The first agent to whom I sent it sat on it for months before curtly rejecting it. The second wasn't taking on new clients at all. The third... I got a very nice email, saying he had enjoyed the first three chapters, and wanted to see the rest. Two weeks later, in March 2011, I had an agent and a contract. Tim told me he thought Sorrel was saleable.

We spent months editing it, so Tim was confident in its chances. Then he sent it to a dozen major UK publishers.

Three, including one of the biggest, showed interest – I met with a commissioning editor, who said he wanted to publish it.

And then Sorrel crashed and burned.  His acquisitions committee vetoed it – too strange, too far outside the obvious niches. The other two interested parties said the same.

I was left with an unsaleable manuscript, and some broken dreams.  Tim and I had both been so sure Sorrel would fly.

Get back on the horse that threw you. Impcatcher was the new novel I've set to work upon.

But I still had a manuscript in my clutches, one that had been within a whisker of a commercial sale.
And so now I intend to put Sorrel on sale myself.

I've got a long way to go, but publication beckons.

Sunday, 2 September 2012

The Land that Time Forgot

     My family didn't regularly go to the cinema when I was a child. So the few films I did see on the big screen packed an impact. Back in 1975, one movie I remember well was The Land that Time Forgot. At the time, I didn't know of Edgar Rice Burroughs apart from as the creator of Tarzan (and Tarzan I only knew from the Johnny Weissmuller films, which hadn't grabbed me). This, on the other hand... it had dinosaurs, and a submarine, and a brave hero. The pretty young woman didn't catch my attention much – I was too young for girls to have impinged. What the film did have was action, monsters, and a sense of the extraordinary. The titular Land was not just a “Lost World”, but had a strange pattern of advancement in evolution the further inland you went. That aspect was never fully explored, but it gave me the feeling that there was more here, more that could be explored, further mysteries to follow.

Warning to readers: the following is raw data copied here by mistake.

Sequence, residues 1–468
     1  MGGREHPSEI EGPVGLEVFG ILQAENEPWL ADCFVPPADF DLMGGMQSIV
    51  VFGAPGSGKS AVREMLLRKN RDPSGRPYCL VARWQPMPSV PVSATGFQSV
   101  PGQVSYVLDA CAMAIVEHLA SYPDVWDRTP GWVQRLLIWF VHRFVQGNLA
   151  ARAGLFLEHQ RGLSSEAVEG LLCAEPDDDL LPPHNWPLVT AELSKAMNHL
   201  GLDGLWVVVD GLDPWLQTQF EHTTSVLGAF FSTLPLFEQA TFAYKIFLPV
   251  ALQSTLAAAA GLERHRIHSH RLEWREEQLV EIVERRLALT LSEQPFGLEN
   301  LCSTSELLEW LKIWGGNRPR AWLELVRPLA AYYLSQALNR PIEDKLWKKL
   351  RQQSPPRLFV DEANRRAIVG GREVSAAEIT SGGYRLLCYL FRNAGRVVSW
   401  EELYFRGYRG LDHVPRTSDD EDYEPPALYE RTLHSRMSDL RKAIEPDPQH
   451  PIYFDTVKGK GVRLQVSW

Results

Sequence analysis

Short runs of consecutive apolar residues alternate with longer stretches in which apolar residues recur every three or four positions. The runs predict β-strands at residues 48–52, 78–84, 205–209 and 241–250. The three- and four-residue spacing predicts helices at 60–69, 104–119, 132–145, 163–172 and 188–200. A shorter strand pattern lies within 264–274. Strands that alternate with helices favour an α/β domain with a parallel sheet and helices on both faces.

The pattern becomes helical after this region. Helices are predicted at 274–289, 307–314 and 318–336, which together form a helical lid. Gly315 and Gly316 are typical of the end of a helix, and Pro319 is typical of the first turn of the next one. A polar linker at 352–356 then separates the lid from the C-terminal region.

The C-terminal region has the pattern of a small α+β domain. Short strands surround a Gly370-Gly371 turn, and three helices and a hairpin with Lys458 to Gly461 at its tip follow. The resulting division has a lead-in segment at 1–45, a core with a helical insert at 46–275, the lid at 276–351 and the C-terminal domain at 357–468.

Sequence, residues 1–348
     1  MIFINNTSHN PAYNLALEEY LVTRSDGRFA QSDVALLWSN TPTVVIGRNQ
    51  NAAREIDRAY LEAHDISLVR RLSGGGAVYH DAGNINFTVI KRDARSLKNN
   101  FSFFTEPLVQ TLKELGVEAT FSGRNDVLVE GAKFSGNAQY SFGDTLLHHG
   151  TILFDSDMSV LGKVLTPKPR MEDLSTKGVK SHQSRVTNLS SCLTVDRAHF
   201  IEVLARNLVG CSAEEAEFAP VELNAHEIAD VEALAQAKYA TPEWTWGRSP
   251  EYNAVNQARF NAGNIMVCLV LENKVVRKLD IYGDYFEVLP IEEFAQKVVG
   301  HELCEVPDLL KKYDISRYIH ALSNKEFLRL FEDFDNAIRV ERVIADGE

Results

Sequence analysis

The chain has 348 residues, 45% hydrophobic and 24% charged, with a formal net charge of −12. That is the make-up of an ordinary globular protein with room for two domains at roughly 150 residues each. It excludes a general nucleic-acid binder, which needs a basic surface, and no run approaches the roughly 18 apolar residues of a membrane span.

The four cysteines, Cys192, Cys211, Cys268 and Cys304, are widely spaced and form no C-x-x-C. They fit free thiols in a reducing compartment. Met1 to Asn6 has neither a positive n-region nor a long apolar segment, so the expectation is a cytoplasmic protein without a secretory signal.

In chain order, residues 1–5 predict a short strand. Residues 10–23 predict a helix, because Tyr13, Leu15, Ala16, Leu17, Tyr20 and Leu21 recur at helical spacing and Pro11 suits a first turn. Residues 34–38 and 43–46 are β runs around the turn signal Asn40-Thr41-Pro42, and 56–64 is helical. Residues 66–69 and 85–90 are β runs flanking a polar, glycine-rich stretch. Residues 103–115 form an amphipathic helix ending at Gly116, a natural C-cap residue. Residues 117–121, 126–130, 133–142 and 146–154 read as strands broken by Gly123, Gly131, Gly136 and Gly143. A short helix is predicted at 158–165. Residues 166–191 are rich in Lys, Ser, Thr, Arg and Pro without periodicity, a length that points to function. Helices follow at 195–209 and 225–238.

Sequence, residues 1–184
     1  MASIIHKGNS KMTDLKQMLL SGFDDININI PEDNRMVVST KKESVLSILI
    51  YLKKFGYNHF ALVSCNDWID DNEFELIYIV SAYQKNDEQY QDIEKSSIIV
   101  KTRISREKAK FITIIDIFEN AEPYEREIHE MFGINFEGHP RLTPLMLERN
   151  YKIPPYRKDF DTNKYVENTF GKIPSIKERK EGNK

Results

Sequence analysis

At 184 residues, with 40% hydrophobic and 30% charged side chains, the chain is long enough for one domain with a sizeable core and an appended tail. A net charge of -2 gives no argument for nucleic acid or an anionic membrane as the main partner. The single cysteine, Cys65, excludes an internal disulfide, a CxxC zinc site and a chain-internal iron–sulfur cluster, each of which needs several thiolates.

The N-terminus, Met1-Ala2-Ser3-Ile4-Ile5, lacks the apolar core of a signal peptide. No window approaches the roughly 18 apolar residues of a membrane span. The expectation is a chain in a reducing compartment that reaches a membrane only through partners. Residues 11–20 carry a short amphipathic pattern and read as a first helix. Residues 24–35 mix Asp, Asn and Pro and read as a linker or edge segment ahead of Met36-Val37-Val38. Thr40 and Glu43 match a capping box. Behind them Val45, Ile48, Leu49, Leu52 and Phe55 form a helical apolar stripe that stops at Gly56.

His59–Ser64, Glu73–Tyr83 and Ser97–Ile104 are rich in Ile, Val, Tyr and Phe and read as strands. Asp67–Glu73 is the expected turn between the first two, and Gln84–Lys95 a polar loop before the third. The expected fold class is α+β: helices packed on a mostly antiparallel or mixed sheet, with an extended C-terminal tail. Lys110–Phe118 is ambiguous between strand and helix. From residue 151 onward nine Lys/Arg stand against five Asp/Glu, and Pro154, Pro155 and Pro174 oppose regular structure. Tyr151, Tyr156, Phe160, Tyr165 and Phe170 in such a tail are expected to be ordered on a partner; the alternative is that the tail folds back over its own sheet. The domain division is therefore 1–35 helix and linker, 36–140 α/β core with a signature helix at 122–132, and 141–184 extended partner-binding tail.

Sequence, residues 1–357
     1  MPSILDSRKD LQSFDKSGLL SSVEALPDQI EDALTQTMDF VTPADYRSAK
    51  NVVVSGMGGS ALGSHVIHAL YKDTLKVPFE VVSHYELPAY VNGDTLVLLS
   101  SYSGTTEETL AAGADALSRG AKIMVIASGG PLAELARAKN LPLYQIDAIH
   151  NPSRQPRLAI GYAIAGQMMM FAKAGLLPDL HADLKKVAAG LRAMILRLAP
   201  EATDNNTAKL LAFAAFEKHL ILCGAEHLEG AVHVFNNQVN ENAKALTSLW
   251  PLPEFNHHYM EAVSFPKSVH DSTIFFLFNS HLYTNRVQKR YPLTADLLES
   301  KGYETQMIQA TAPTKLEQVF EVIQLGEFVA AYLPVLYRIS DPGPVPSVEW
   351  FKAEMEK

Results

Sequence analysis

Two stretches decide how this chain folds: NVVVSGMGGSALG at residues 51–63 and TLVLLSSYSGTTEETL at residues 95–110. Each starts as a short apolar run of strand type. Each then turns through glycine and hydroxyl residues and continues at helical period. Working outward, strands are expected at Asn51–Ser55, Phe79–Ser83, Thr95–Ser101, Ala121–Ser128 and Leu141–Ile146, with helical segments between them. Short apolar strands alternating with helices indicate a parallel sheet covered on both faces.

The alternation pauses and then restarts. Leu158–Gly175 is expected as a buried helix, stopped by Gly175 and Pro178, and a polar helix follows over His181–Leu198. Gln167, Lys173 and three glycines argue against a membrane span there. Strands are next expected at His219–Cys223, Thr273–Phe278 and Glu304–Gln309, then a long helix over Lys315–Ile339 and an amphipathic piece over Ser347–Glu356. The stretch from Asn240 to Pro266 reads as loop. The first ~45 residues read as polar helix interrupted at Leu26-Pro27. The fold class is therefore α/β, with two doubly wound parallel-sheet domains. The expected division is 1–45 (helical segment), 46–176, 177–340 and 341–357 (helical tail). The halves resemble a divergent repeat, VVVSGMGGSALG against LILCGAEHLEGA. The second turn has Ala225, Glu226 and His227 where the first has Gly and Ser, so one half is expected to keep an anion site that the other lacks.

It was many years later before I saw the sequel – The People that Time Forgot – which takes the ideas further, but which is by no means as good a film.
     The special effects, at the time, looked pretty good to me. Now, they creak nearly as badly as original Doctor Who – but so what? The story is what matters. The characters are relatively two-dimensional, but they are still better than the characters in some of the current blockbusters being made, and the plot keeps moving. The characters are active – they work to get themselves out of the trouble they are in through brains and muscle, rather than just panicking and being blown on the wind of fortune. Yes, Doug McClure's character may be a square-jawed hero with very little in the way of depth, but he is still a strong central figure.
     The Land that Time Forgot was the first of the Doug McClure action-adventure films, and is in my view the best. I hadn't discovered pulp adventure stories at that time (with the exception of Biggles) – this was the film that really introduced the genre to me. Without this, perhaps there would never have been Sorrel in Scarlet...  so you can all blame Doug McClure!